We’ve all committed a crime at some point in our lives, either knowingly or not and either petty or major. There was that time in high school when you and your friends thought it would be funny to steal that street sign. Or that time in college when you experimented with illegal drugs. Or that time after the office happy hour when you may have had one too many drinks, but drove home anyway because you thought you were fine to drive. In fact, 75 percent of us in the United States have done these things or worse, yet we’ve had the luxury to forget about them.

In the U.S. today, one in four people has a criminal record for something other than a minor traffic violation. This record is used by the vast majority of employers, legislators, landlords and licensing boards to craft policy and determine the character of that individual. In our electronic and data age, it typically does not disappear, regardless of how long it’s been or how far one’s come. It’s a record that prevents not only professional licensure and a gainful career path, but can also get in the way of obtaining entry-level positions, foster care licenses, entry into college, and safe housing. To bring this point home, someone who was arrested eight years ago as a teenager for stealing one bottle of Michelob Golden Light from a liquor store cannot obtain employment at a pari-mutuel betting establishment (i.e., a horse track) shoveling animal waste.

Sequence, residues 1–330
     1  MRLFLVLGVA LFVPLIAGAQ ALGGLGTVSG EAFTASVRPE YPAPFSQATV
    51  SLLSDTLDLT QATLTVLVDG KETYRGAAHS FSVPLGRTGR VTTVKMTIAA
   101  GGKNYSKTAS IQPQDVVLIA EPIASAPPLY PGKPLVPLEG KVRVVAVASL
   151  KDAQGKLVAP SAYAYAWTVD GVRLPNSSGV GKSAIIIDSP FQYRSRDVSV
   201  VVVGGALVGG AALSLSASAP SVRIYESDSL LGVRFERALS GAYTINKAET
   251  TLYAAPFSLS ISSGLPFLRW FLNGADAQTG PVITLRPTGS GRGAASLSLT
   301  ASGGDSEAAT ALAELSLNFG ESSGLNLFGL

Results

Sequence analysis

This is where Emily Baxter, a Bush Fellow and the director of public policy and advocacy at the Council on Crime and Justice, comes in. Her clients are the men, women, and youth who can’t find housing or employment, can’t get into school or secure a loan, can’t obtain professional licensure or cast a ballot, because of a criminal record. For the last several years, she’s been advocating on behalf of her clients to legislators and landlords, employers and licensing boards – as well as the general public, seeking second chances. More times than not, the answer was, “once a criminal, always a criminal.”